ABSTRACT: INTRODUCTION: Short-term psychodynamic psychotherapy (STPP) is an empirically supported treatment that is often used to treat depression. However, it is largely unclear if certain subgroups of depressed patients can benefit specifically from this treatment method. We describe the protocol for a systematic review and meta-analysis of individual participant data (IPD) aimed at identifying predictors and moderators of STPP for depression efficacy. METHOD AND ANALYSIS: We will conduct a systematic literature search in multiple bibliographic databases (PubMed, PsycINFO, Embase.com, Web of Science and Cochrane's Central Register of Controlled Trials), 'grey literature' databases (GLIN and UMI ProQuest) and a prospective trial register (http://www.controlled-trials.com). We will include studies reporting (a) outcomes on standardised measures of (b) depressed (c) adult patients (d) receiving STPP. We will next invite the authors of these studies to share the participant-level data of their trials and combine these data to conduct IPD meta-analyses. The primary outcome for this study is post-treatment efficacy as assessed by a continuous depression measure. Potential predictors and moderators include all sociodemographic variables, clinical variables and psychological patient characteristics that are measured before the start of treatment and are assessed consistently across studies. One-stage IPD meta-analyses will be conducted using mixed-effects models. ETHICS AND DISSEMINATION: Institutional review board approval is not required for this study. We intend to submit reports of the outcomes of this study for publication to international peer-reviewed journals in the fields of psychiatry or clinical psychology. We also intend to present the outcomes at international scientific conferences aimed at psychotherapy researchers and clinicians. The findings of this study can have important clinical implications, as they can inform expectations of STPP efficacy for individual patients, and help to make an informed choice concerning the best treatment option for a given patient. PROSPERO REGISTRATION NUMBER: CRD42017056029.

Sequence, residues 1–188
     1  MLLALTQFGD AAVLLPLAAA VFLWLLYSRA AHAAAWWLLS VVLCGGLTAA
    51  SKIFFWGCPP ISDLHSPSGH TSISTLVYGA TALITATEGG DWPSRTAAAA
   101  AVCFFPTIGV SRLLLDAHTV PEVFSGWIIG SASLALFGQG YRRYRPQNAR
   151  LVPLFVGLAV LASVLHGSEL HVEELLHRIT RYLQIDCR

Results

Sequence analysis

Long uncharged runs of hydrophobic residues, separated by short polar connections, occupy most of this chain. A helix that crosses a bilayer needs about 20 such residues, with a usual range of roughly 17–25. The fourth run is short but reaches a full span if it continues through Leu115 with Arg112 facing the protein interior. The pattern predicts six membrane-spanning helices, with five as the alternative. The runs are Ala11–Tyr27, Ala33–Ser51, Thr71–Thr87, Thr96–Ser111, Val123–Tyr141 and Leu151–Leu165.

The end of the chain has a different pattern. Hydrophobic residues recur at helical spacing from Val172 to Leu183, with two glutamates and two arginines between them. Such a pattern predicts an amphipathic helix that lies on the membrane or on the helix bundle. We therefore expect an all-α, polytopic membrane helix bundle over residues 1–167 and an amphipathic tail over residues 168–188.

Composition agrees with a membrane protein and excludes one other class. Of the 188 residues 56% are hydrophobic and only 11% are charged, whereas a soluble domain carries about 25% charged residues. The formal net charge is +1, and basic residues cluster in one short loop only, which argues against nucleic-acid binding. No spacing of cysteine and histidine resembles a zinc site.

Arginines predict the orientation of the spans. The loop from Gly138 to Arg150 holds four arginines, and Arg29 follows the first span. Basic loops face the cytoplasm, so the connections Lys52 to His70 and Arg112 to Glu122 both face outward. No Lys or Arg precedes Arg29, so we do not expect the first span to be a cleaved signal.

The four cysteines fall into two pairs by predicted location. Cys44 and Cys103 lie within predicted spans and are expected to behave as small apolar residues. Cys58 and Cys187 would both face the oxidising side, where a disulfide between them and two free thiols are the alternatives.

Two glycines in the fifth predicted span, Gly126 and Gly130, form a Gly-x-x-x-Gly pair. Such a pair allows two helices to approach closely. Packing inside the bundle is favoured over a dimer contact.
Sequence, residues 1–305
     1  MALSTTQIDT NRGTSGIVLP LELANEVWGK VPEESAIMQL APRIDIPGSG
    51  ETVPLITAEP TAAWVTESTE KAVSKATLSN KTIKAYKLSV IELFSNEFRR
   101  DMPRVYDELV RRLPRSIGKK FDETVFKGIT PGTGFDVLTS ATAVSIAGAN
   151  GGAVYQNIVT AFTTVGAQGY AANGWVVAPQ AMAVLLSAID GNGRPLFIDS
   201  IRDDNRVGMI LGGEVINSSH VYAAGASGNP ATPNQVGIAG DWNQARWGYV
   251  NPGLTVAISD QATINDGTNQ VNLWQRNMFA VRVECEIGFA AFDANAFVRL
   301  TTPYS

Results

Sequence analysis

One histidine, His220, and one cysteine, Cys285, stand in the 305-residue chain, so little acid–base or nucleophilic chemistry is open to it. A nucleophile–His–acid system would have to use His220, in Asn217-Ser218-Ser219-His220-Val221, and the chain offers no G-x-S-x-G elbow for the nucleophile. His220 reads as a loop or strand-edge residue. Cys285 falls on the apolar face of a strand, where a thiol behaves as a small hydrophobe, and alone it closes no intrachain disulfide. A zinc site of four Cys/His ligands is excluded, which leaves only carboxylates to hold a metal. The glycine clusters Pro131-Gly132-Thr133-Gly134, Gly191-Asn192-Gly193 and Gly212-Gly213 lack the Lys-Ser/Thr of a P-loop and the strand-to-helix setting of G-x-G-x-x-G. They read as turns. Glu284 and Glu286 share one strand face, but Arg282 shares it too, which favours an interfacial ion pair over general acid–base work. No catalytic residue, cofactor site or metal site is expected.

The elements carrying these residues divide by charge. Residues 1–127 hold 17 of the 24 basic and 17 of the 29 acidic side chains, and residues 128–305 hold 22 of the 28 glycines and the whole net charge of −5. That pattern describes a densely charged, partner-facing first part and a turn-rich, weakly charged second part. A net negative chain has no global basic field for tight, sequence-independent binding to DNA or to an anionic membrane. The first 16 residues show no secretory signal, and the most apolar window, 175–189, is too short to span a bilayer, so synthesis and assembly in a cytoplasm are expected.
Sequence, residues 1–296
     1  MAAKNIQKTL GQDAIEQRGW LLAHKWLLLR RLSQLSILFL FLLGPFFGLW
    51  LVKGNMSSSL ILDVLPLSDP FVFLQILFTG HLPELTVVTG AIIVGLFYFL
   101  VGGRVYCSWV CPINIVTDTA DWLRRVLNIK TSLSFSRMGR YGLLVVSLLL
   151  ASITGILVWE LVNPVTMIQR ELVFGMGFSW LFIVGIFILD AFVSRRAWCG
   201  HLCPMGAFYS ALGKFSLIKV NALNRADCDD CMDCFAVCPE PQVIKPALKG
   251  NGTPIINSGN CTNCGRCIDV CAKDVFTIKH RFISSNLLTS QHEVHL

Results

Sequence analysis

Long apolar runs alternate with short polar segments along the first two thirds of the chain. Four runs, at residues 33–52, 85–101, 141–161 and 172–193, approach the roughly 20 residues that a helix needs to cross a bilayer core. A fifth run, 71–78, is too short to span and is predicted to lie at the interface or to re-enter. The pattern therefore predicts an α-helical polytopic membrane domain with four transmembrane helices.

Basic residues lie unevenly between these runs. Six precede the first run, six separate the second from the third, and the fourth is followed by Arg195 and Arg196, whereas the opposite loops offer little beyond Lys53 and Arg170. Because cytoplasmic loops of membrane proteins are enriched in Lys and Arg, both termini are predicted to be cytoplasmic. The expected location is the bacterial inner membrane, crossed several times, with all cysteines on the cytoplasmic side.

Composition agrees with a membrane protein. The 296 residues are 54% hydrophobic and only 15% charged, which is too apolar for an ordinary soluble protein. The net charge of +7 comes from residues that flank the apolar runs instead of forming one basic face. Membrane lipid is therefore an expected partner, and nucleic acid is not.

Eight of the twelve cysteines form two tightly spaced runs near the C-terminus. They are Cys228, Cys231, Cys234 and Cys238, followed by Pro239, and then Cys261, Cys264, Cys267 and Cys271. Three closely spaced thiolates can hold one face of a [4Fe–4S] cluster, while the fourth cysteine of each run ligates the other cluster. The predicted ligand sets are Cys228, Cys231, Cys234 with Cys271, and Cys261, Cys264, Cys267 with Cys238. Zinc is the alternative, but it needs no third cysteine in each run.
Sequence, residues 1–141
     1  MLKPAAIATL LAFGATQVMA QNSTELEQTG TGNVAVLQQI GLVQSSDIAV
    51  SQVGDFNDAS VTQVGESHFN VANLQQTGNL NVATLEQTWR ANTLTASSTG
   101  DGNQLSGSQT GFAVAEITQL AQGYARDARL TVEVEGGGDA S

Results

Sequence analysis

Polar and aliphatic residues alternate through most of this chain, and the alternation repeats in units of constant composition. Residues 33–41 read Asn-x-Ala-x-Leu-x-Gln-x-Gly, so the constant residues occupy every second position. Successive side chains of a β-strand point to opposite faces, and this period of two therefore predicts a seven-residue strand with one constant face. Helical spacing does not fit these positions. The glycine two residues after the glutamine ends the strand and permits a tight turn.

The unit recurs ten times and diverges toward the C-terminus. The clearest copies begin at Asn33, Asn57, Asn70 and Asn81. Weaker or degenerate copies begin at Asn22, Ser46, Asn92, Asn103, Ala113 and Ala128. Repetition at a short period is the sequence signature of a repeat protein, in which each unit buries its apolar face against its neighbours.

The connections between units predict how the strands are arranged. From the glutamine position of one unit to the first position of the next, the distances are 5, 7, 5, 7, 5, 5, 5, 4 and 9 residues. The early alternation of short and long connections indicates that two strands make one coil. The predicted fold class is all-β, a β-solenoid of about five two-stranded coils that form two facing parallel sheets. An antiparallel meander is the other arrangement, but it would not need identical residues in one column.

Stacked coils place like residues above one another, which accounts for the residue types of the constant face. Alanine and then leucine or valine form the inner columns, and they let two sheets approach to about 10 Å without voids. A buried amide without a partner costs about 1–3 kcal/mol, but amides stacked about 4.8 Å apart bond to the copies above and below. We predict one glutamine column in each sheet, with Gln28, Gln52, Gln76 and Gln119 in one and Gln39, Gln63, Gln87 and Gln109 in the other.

16 Article Prevention of violent revictimization in depressed patients with an add-on internet-based emotion regulation training (iERT): study protocol for a multicenter randomized controlled trial. 2018

Christ, Carolien / de Waal, Marleen M / van Schaik, Digna J F / Kikkert, Martijn J / Blankers, Matthijs / Bockting, Claudi L H / Beekman, Aartjan T F / Dekker, Jack J M. ·Department of Psychiatry, VU University Medical Center/ GGZ inGeest, P.O. Box 7057, 1007 MB, Amsterdam, The Netherlands. c.christ@ggzingeest.nl. · Department of Research, Arkin Mental Health Care, Klaprozenweg 111, 1033 NN, Amsterdam, The Netherlands. c.christ@ggzingeest.nl. · Amsterdam Public Health research institute, VU University Medical Center, Van der Boechorststraat 7, 1081 BT, Amsterdam, The Netherlands. c.christ@ggzingeest.nl. · Department of Research, Arkin Mental Health Care, Klaprozenweg 111, 1033 NN, Amsterdam, The Netherlands. · Academic Medical Center, Department of Psychiatry, Amsterdam Institute for Addiction Research, University of Amsterdam, Meibergdreef 9, 1105 AZ, Amsterdam, The Netherlands. · Department of Psychiatry, VU University Medical Center/ GGZ inGeest, P.O. Box 7057, 1007 MB, Amsterdam, The Netherlands. · Amsterdam Public Health research institute, VU University Medical Center, Van der Boechorststraat 7, 1081 BT, Amsterdam, The Netherlands. · Trimbos Institute - Netherlands Institute of Mental Health and Addiction, Da Costakade 45, 3521 VS, Utrecht, The Netherlands. · Department of Clinical Psychology, Faculty of Social and Behavioural Sciences, University Utrecht, Heidelberglaan 1, 3584 CS, Utrecht, The Netherlands. · Department of Clinical Psychology, Neuro- and Developmental Psychology, Faculty of Behavioural and Movement Sciences, Vrije Universiteit Amsterdam, Van der Boechorststraat 1, BT 1081, Amsterdam, The Netherlands. ·BMC Psychiatry · Pubmed #29394919.